By Martha Gross on July 28 2018 15:03:10
Think about your own experience. Is it difficult to get traction on your projects? Are there numerous layers of authority that you have to navigate to get approvals for basic tasks? Does your budget get cut because of competition for limited funding? Do your projects lose out in favor of day-to-day routine operations? And you thought it was something you were doing, or failing to do! Well it may have been, but it is more likely that you are feeling the effects of the organizational structure within which you work. Understanding your working environment better will help you to rise above organizational issues and smooth the way to successful project management.
In a functional organization, projects that exist within a single functional division generate no particular organizational issues, but projects that cut across functional divisions can be challenging to manage. Why? Because the project manager has no direct functional authority and must obtain continual cooperation and support from functional managers of other divisions in order to meet project objectives. This can get complicated.
Despite the obvious need for a project management (PM) approach, most small businesses do not bother. This constitutes a huge missed opportunity as effective project management impacts the bottom line. For example, research by the CBP shows that project management improvement initiatives improve project performance by up to 50% for the first project and can continue for each new project if the business offers ongoing project management tools and support. We could emphasise this point further by citing the Standish Group, who in their CHAOS Report conservatively estimates that 20% of money spent on projects is wasted because companies do not have a consistent approach to project management.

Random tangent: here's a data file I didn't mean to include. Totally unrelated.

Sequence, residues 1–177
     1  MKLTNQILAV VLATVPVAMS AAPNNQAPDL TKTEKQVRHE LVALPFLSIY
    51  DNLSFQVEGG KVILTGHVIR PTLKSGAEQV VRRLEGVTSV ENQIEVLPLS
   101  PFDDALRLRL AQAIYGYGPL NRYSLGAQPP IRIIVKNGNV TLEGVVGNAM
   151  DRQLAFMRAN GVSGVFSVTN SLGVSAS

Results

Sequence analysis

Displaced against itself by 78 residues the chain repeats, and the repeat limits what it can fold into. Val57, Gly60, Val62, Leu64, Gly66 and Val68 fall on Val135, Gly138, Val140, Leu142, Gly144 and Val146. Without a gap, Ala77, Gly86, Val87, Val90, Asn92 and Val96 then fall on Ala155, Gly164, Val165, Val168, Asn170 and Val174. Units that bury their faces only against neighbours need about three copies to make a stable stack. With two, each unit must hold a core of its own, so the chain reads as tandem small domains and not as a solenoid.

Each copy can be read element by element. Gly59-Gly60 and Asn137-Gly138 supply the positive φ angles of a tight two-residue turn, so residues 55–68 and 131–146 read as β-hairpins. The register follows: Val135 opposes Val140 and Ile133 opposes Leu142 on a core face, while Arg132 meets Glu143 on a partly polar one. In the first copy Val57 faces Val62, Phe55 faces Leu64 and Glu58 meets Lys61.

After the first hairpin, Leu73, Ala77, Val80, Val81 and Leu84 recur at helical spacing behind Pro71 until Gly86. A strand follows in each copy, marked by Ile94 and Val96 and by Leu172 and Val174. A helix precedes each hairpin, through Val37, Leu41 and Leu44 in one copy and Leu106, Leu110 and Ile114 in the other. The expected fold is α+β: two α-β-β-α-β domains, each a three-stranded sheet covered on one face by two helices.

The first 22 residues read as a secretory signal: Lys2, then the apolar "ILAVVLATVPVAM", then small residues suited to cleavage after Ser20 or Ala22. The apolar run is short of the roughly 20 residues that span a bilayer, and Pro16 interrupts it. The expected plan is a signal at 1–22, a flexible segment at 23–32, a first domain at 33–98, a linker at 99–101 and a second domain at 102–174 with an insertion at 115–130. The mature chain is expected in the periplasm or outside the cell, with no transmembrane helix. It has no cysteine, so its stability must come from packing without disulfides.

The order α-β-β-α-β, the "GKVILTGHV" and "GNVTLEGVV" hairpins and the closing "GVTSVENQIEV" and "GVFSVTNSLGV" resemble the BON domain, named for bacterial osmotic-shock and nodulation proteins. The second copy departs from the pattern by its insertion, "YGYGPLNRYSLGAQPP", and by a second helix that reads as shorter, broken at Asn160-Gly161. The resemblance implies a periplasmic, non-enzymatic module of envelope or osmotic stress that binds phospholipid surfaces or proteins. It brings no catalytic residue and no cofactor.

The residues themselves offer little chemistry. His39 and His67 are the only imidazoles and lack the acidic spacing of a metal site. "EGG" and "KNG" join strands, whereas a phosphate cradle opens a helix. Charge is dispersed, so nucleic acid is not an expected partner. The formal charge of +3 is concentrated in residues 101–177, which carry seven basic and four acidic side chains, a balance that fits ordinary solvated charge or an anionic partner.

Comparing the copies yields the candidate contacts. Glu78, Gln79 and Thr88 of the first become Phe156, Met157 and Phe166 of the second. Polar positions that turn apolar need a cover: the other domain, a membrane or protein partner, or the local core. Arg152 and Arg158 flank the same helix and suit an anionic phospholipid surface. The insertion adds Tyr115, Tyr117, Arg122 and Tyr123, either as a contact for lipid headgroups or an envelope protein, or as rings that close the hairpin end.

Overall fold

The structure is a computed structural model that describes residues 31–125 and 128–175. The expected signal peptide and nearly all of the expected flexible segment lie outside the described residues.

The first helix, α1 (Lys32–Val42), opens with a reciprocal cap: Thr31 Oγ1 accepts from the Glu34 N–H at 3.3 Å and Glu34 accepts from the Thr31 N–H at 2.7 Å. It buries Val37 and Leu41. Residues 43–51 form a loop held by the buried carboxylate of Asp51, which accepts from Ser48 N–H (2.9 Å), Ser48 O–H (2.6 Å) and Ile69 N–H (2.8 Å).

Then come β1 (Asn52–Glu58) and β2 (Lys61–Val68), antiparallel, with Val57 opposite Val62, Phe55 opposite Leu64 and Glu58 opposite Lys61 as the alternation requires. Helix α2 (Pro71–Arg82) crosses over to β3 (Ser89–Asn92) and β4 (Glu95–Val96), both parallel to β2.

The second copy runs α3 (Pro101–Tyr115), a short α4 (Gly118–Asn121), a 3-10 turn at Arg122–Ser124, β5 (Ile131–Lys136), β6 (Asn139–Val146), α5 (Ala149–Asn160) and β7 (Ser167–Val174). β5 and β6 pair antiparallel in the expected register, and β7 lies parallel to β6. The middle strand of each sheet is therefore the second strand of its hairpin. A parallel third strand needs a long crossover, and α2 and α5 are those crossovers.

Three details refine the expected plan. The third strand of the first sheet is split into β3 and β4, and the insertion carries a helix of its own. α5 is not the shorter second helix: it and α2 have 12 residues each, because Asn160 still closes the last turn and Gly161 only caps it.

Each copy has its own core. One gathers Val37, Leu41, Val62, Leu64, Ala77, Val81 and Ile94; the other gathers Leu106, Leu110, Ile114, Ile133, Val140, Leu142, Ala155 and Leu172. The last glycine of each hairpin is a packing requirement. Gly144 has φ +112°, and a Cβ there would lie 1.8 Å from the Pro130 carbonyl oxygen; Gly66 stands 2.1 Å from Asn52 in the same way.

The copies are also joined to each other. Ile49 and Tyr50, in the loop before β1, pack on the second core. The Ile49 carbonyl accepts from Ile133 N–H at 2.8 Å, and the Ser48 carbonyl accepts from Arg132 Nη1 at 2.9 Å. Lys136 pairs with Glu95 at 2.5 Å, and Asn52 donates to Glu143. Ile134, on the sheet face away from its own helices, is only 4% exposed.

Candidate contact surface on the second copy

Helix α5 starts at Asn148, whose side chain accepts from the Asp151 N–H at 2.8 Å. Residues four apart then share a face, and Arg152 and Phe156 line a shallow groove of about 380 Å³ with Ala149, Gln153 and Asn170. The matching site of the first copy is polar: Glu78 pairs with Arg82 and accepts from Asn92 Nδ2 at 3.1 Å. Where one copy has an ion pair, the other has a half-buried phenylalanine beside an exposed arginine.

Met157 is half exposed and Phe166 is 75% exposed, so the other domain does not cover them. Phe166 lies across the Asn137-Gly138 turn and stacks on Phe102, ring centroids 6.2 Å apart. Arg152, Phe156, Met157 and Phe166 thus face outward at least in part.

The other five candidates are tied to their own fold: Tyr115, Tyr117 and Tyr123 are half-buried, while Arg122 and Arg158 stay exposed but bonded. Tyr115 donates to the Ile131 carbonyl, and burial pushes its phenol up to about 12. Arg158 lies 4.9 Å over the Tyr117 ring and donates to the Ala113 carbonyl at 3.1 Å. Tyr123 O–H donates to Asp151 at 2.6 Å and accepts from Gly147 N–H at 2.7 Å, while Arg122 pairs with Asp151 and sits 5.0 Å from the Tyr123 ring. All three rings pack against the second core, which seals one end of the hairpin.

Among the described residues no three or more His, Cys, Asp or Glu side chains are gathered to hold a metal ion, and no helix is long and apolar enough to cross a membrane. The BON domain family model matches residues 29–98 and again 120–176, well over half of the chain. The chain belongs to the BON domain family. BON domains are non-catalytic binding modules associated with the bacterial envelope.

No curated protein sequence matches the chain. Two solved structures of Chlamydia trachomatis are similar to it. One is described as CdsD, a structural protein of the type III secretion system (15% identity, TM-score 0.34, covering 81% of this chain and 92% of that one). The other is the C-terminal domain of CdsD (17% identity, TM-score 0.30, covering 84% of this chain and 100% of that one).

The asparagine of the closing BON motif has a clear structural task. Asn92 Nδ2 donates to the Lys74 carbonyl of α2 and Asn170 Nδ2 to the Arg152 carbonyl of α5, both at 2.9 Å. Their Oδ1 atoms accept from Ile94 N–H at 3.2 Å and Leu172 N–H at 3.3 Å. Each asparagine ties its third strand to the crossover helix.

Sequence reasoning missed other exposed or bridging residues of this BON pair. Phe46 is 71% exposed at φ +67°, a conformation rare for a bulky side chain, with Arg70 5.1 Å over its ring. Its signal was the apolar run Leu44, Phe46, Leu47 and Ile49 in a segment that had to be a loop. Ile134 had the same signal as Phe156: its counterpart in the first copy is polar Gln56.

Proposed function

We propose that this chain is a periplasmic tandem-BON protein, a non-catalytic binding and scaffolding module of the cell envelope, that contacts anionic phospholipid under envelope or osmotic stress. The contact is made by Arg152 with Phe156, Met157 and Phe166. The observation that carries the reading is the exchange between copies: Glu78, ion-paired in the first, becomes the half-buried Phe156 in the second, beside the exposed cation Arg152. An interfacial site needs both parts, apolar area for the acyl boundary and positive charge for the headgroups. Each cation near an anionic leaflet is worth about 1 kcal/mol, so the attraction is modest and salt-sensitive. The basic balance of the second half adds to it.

Project management requires skills that I do not have and cannot afford to hire. Although it does require specialised skills and experience to be an accomplished project manager, these are skills that can be learned over time. To move further up the learning curve faster, it is possible to take a PM course in as little as four or five days. Most small business owners tend to possess the knowledge needed for project management, and courses such as the Prince 2 Practitioner course would build on these skills while introducing the specific theories, tools, and processes essential for project management. Whilst business owners might not emerge from a course as a project expert, they would certainly learn valuable skills to apply to their small business.
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